Sweden joining NATO makes European countries a ‘dish’ on US ‘menu’
Published: Feb 27, 2024 09:05 PM
Europe deeply split on warmongering NATO Illustration: Liu Rui/GT

Europe deeply split on warmongering NATO Illustration: Liu Rui/GT

From Monday to Tuesday, mainstream Western media outlets and the internet were abuzz with excitement over the news of Sweden's decision to join NATO, with declarations such as "NATO is stronger than ever." But is it really so? Behind NATO's cheerful mood lies a bitter truth: NATO's expansion will make Europe more insecure.

On February 26, the Hungarian parliament approved Sweden's NATO accession. After completing the relevant procedures, Sweden will become the 32nd member of NATO. Sweden's membership in the US-led military alliance means all the countries surrounding the Baltic Sea, except Russia, will be part of NATO.

Sweden's accession to NATO means the end of Sweden's 200-year status as a neutral country. Swedish scholar Jan Oberg believes this is the most foolish decision since World War II. 

The benefits of Sweden joining NATO will only materialize if the conflict between Russia and Ukraine escalates into a broader conflict between Russia and Europe. However, this assumption is a trap set by the US for European countries. Gao Jian, an expert on European studies at Shanghai International Studies University, told the Global Times that Russia has always maintained a defensive military policy in the Baltic Sea rather than an offensive one. Sweden, and Europe as a whole, are paranoid about the security threats posed by Russia. Russian President Vladimir Putin once said, "There is nothing might concern us with Finland and Sweden becoming NATO members, but they should understand they didn't face any threats from us."

It is NATO that is creating an atmosphere of fear in Sweden. In February, NATO chief Jens Stoltenberg articulated that the West must be prepared for a "decades-long confrontation" with Russia, and stated, "If Putin wins in Ukraine, there is no guarantee that Russian aggression will not spread to other countries." Now, in order to deal with the "Russian threat," NATO, once again, pretends to be unaware of how this round of conflict between Russia and Ukraine was triggered and continues its pace of expansion, turning the Baltic Sea into a "NATO Lake."

An anonymous military expert told the Global Times that for Sweden, transitioning from maintaining neutrality in the past to taking sides now could significantly threaten its national security. If NATO were to introduce nuclear weapons into Sweden, the country will become a target for Russian nuclear strikes. Meanwhile, Russia is currently restructuring its military districts in response to the significant threats posed by NATO challenges. Tensions between Russia and Europe will escalate.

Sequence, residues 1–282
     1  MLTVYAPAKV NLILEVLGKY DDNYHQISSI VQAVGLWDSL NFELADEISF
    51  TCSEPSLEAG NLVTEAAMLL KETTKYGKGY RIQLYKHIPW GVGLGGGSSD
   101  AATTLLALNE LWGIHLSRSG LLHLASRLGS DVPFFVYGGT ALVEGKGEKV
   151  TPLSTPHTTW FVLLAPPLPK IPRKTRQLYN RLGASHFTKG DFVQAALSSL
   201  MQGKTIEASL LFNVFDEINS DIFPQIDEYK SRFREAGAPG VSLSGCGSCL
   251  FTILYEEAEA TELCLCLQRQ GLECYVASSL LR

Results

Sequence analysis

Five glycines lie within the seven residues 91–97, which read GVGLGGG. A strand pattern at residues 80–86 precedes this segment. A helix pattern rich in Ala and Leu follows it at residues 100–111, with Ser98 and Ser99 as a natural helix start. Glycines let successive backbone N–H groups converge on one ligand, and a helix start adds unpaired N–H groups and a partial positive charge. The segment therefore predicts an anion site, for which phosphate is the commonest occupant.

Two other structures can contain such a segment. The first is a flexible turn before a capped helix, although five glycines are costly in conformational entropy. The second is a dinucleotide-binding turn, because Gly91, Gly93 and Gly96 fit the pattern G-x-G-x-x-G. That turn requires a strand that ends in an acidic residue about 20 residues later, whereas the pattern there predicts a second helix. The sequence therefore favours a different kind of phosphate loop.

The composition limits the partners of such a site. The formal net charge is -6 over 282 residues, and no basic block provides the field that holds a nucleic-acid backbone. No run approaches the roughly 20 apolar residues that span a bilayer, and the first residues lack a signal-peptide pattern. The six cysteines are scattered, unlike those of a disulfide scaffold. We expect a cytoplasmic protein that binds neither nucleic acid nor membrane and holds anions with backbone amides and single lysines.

On the surface, Sweden's accession to NATO may appear to strengthen the alliance's power against Russia in the Baltic Sea. However, experts suggest that the US' strategic planning actually targets the expansion of American interests in the Arctic, as both Sweden and Finland are members of the Arctic Council. By luring Sweden into NATO, the US aims to fulfill its Arctic strategy as well as use ideological confrontation to control European countries and expand its own interests. NATO is just seen as a tool to maintain US global hegemony and weaken Europe. 

Despite its ambitions, NATO's current military strength may not be sufficient to support its expansion attempts. Gao believes that NATO's expansion could actually weaken the alliance. NATO lacks the necessary strength to meet the actual security defense needs of Europe, and adding more member countries could potentially increase its defense vulnerabilities.

Furthermore, the US needs a "brain-dead" NATO so that member countries can act entirely in the interests of the US without thinking. Faced with multiple crises, Europe is passively waiting for the results of the November US election. The current Biden administration is strengthening NATO as a strategic support point for the US in Europe, but US policy toward NATO may undergo significant changes. European leaders have begun to worry that Donald Trump's return will bring about a major impact on international relations, especially US-EU relations. Europe is not an ally of the US; it is just seen as a pawn by the US.

This is an era when economic competitiveness is particularly prominent. Unfortunately, what Europe is doing is busy expanding NATO with a prevailing mind-set of confrontation. Faced with the prolonged conflict between Russia and Ukraine, Europe can only silently swallow the bitter fruit, laying deep foreshadowing for Europe's crisis. According to statistics from Statista, in 2023, the economic growth levels of Germany, the UK, France, and Italy did not exceed 1 percent, with Germany even experiencing negative growth. Faced with Western sanctions, Russia has still become "Europe's first economy."

In contrast, the US is taking advantage of the conflict between Russia and Ukraine to become the world's largest exporter of liquefied natural gas for the first time. At the Munich Security Conference, US Secretary of State Antony Blinken openly peddled his "table and menu theory." Perhaps the whole of Europe has long been a delicacy on the US "menu."